NORFOLK, Va. (Legal Newsline) – A Puerto Rican corporation alleges that it was damaged by supracompetitive drug prices because of the conduct several pharmaceutical companies.
Cesar Castillo Inc. filed a complaint on behalf of all those similarly situated on Jan. 22 in the U.S. District Court for the Eastern District of Virginia, Norfolk Division against Merck & Co. Inc., Merck Sharp & Dohme Corp., Schering-Plough Corp., Schering Corp., MSP Singapore Co. LLC, Glenmark Pharmaceuticals LTD and Glenmark Generics Inc. USA citing the Sherman Act and the Clayton Act.
According to the complaint, Merck sued Glenmark in 2006 over patent infringement allegations and later settled the suit. The plaintiff alleges that "Merck paid Glenmark to stay out of the market for almost five years" and that Merck agreed not to launch its own generic version of a drug called Zetia, a cholesterol medication.
"In the absence of Merck's large and unjustified payment, Glenmark and Merck would have each launched a generic version of Zetia as early as Dec. 6, 2011, and, in any event, well before Dec. 12, 2016. ... The presence of so many generics would have driven prices down to competitive levels," the suit states.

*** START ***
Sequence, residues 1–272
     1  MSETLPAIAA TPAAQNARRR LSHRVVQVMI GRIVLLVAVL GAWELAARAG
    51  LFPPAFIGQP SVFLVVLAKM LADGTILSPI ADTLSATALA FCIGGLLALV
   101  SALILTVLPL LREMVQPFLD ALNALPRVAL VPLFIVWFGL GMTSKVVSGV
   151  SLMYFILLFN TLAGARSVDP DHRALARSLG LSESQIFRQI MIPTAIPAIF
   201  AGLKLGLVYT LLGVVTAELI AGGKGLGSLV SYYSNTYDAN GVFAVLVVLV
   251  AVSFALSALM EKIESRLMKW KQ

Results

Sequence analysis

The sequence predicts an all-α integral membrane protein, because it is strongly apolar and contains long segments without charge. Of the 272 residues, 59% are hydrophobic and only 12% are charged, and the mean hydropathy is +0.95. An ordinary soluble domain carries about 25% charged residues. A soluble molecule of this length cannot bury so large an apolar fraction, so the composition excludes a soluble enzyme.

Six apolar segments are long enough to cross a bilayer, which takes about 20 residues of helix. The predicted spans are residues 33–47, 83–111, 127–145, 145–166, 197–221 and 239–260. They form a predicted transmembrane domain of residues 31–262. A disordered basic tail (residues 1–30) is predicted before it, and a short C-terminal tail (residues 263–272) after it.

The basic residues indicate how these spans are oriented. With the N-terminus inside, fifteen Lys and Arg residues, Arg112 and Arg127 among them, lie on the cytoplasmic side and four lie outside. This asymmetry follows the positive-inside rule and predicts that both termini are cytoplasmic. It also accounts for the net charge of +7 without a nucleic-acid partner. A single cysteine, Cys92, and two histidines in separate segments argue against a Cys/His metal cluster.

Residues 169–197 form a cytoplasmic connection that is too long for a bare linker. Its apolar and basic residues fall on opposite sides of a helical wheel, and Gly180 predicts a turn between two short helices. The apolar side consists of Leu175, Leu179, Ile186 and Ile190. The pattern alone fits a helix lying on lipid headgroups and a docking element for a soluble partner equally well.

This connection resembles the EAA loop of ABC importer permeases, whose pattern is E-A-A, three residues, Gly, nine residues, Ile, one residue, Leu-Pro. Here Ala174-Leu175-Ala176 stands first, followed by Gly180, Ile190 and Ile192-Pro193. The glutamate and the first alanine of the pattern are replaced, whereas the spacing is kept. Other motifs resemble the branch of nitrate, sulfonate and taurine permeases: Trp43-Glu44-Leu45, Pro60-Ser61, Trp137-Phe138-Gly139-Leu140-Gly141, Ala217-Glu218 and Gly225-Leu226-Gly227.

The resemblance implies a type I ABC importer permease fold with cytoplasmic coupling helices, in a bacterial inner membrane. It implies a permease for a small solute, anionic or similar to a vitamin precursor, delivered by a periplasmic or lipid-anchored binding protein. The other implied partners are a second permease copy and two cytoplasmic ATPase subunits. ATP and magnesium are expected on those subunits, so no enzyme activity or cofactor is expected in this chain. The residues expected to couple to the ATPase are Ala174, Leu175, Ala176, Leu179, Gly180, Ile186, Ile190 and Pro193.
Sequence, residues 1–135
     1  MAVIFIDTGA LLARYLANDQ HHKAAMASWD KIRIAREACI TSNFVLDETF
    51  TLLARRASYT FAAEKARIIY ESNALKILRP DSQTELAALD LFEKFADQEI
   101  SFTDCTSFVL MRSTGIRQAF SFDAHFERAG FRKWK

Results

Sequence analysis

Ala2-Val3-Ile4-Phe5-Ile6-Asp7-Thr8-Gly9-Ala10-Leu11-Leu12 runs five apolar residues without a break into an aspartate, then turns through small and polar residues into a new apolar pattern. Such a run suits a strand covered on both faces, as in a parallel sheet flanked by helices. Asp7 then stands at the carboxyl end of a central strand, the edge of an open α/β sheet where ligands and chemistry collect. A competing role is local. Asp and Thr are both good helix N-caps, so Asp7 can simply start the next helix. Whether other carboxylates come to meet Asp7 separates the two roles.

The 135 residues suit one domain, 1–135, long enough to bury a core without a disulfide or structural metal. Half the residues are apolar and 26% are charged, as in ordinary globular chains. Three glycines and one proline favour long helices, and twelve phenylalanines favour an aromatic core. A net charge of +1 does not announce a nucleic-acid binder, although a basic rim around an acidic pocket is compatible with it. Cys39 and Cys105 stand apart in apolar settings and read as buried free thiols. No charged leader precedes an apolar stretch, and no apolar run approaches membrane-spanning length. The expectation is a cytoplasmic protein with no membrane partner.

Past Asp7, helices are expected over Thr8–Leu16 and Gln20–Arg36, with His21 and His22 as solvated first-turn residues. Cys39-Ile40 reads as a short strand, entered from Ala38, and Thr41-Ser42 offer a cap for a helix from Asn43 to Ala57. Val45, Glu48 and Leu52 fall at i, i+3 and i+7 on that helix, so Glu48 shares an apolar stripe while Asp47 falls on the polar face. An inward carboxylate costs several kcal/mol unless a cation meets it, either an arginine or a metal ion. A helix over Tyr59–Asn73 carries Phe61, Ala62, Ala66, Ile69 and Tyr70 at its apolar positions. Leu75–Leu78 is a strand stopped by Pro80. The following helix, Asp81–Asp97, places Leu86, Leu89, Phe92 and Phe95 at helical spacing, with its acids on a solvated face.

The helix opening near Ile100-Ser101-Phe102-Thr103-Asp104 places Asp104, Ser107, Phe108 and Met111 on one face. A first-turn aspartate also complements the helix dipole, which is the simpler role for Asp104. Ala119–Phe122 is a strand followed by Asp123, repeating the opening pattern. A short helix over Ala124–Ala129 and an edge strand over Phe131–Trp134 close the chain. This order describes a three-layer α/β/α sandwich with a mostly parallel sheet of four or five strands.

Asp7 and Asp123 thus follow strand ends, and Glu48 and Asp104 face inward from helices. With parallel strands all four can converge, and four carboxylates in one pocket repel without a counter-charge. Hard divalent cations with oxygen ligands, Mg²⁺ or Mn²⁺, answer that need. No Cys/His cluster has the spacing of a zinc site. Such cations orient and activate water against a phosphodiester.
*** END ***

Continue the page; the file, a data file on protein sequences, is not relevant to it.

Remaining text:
The plaintiff alleges that it purchased the drug Zetia, directly from Merck at "supracompetitive prices" and was injured because of the anticompetitive conduct.
The plaintiff requests a trial by jury and seeks judgment against the defendants, class damages, court costs and any further relief the court grants. It is represented by William H. Monroe Jr., Marc C. Greco, Kip A. Harbison, Richard S. Glasser and Michael A. Glasser of Glasser & Glasser PLC in Norfolk, Virginia, and Linda P. Nussbaum of Nussbaum Law Group PC in New York.
U.S. District Court for the Eastern District of Virginia case number 2:18-cv-00039-RBS-DEM